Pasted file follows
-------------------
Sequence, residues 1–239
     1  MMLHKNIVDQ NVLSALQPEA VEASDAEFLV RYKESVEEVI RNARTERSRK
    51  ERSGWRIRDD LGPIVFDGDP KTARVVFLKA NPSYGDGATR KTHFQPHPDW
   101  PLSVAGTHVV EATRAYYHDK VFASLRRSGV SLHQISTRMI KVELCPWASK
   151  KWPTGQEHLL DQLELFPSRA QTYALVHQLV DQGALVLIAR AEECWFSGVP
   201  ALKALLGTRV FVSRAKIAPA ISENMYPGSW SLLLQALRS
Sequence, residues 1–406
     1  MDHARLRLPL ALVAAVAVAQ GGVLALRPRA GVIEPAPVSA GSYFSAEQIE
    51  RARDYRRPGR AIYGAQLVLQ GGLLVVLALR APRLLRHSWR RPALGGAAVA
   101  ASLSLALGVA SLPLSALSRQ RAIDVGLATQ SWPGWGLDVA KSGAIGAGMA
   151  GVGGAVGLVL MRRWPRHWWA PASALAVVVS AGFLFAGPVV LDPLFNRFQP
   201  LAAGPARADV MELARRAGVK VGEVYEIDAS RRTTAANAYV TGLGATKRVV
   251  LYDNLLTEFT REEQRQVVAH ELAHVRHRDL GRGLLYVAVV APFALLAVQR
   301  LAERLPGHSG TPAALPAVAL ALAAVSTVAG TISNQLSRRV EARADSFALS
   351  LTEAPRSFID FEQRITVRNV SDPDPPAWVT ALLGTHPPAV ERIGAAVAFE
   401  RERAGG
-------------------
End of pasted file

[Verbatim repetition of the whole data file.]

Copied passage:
Sequence, residues 1–239
     1  MMLHKNIVDQ NVLSALQPEA VEASDAEFLV RYKESVEEVI RNARTERSRK
    51  ERSGWRIRDD LGPIVFDGDP KTARVVFLKA NPSYGDGATR KTHFQPHPDW
   101  PLSVAGTHVV EATRAYYHDK VFASLRRSGV SLHQISTRMI KVELCPWASK
   151  KWPTGQEHLL DQLELFPSRA QTYALVHQLV DQGALVLIAR AEECWFSGVP
   201  ALKALLGTRV FVSRAKIAPA ISENMYPGSW SLLLQALRS
Sequence, residues 1–406
     1  MDHARLRLPL ALVAAVAVAQ GGVLALRPRA GVIEPAPVSA GSYFSAEQIE
    51  RARDYRRPGR AIYGAQLVLQ GGLLVVLALR APRLLRHSWR RPALGGAAVA
   101  ASLSLALGVA SLPLSALSRQ RAIDVGLATQ SWPGWGLDVA KSGAIGAGMA
   151  GVGGAVGLVL MRRWPRHWWA PASALAVVVS AGFLFAGPVV LDPLFNRFQP
   201  LAAGPARADV MELARRAGVK VGEVYEIDAS RRTTAANAYV TGLGATKRVV
   251  LYDNLLTEFT REEQRQVVAH ELAHVRHRDL GRGLLYVAVV APFALLAVQR
   301  LAERLPGHSG TPAALPAVAL ALAAVSTVAG TISNQLSRRV EARADSFALS
   351  LTEAPRSFID FEQRITVRNV SDPDPPAWVT ALLGTHPPAV ERIGAAVAFE
   401  RERAGG